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   anonymous, which may be particularly useful to prevent tracking of
   mobile MA devices.

   Optionally an MA can also be configured to stopexecuting any
   Instruction Schedule if the Controller is unreachable.  This can be
   used as a fail-safe to stop Measurement and other Tasks being
   conducted when there is doubt that the Instruction Information is
   still valid.  This is simply represented as a time window in
   milliseconds since the last communication with the Controller after
   which Instruction Schedules are to be suspended.  The appropriate
   vaue of the time window will depend on the specified communication
   Schedule with the Controller and the duration for which the system is
   willing to tolerate continued operation with potentially stale
   Instruction Information.

   While pre-configuration is persistent upon device reset or power
   cycle due to its very nature, the persistency of the addtional
   configuration information may be control protocol dependent.  Some
   protocols may assume that reset devices will revert back to their
   pre-configuration state, while other protocols may assume that all
   configuration and instruction information is held in persistent

   Detail of the additional and updated information model elements:

   // MA Configuration

   object {
       uuid                ma-agent-id;
      [ma-task-obj         ma-control-tasks<0..*>;]
       ma-channel-obj      ma-control-channels<1..*>;
      [mas-schedule-obj    ma-control-schedules<0..*>];
      [urn                 ma-device-id;]
       credentials         ma-credentials;
      [string              ma-group-id;]
      [boolean             ma-report-ma-id-flag;]
      [int                 ma-control-channel-failure-threshold;]
   } ma-config-obj;

3.4.  Instruction Information

   The Instruction information model has four sub-elements:

   1.  Instruction Task Configurations

   2.  Report Channels

   3.  Instruction Schedules

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   4.  Suppression

   The Instruction supports the exceution of all Tasks on the MA except
   those that deal with communication with the Controller (specified in
   (pre)configuration information).  The Tasks are configured in
   Instruction Task Configurations and inlcuded by reference in
   Instruction Schdules that specify when to execute them.  The results
   are communicated to other Tasks or over Report Channels.  Suppression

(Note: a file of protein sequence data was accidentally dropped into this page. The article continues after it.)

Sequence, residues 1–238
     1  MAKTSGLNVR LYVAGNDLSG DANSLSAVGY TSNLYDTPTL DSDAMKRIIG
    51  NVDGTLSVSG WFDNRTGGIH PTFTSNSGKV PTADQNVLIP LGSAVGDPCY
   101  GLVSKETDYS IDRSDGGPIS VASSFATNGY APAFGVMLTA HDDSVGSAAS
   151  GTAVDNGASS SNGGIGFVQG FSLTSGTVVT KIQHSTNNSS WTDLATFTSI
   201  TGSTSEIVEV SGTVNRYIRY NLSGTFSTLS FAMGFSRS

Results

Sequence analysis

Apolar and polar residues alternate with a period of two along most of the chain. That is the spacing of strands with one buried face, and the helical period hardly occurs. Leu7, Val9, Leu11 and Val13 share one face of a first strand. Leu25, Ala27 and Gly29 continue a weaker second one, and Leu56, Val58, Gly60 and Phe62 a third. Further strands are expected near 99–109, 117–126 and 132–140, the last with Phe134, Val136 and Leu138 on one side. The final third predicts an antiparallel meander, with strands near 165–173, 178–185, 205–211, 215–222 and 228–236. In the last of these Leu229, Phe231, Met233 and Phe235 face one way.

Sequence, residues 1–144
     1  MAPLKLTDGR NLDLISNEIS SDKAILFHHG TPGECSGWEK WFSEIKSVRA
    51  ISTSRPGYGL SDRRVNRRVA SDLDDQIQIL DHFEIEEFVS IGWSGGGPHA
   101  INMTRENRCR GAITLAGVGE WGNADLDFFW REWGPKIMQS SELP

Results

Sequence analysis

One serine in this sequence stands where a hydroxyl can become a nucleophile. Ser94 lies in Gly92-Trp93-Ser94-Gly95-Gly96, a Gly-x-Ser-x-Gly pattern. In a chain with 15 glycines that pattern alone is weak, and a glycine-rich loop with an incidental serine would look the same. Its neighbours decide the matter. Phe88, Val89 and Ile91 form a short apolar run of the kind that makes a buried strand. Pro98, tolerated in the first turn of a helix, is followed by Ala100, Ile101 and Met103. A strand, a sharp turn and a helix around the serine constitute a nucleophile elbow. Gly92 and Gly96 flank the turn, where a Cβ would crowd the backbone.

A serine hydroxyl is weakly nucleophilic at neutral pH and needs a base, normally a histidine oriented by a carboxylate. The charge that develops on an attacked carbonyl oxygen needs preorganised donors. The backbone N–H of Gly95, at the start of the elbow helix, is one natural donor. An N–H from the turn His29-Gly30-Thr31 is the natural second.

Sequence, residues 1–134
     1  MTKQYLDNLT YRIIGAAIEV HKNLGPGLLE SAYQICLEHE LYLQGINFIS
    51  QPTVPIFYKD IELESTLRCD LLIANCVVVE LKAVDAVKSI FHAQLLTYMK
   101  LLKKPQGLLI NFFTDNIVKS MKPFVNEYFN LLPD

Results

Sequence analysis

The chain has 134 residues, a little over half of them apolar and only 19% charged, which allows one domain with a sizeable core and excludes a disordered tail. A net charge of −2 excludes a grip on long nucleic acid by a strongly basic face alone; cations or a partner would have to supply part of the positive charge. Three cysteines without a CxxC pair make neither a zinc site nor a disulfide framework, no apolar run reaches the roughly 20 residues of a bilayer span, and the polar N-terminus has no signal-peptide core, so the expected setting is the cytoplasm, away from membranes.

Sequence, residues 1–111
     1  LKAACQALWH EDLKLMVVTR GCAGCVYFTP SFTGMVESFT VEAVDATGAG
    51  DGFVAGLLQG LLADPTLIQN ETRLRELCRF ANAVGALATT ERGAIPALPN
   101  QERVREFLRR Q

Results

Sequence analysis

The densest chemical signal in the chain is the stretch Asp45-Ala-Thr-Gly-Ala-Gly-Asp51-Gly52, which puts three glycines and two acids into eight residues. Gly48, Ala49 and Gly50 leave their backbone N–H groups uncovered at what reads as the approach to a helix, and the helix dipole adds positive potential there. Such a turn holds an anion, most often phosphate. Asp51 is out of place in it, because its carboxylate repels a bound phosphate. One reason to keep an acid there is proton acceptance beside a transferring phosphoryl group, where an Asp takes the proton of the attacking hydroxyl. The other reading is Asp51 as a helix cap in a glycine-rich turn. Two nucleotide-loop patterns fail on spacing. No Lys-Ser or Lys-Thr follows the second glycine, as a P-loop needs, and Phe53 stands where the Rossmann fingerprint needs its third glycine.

is used to temporarily stop the excution of new Tasks as specified by
   the Instruction Schedules (and optionaly to stop ongoing Tasks).

   A Task Configuration is used to configure the optional parameters of
   a Task.  It also serves to instruct the MA about the Task including
   the ability to resolve the Task to an executable and specifying the
   schema for the Task parameters.

   A Report Channel defines how to communicate with a single remote
   system specified by a URL.  A Report Channel is used to send results
   to single Collector but is no different in terms of the Information
   Model to the Control Channel used to transfer information between the
   MA and the Controller.  Several Report Channels can be defined to
   enable results to be split or duplicated across different
   destinations.  A single Channel can also be used by multiple
   Schedules to transfer data at different cycles to the same Collector.
   E.g. a single Collector may receive data at three different cycle
   rates, one Schedule reporting hourly, another reporting daily and a
   third specifying that results should be sent immediately for on-
   demand measurement tasks.  Alternatively multiple Report Channels can
   be used to send Measurement Task results to different Collectors.
   The details of the Channel element is described later as it is common
   to several objects.

   Instruction Schedules specify which Tasks to execute according to a
   simngle given Timing (that can execute a single or repeated series of
   Tasks).  The Schedule also specifies how to deal with Task inputs and
   outputs - e.g. sending selected outputs to other Tasks or specifying
   the Report Channels that should be used to report results to

   Measurement Suppression information is used to over-ride the
   Instruction Schedule and temporarily stop measurements or other Tasks
   from running on the MA for a defined or indefinite period.  While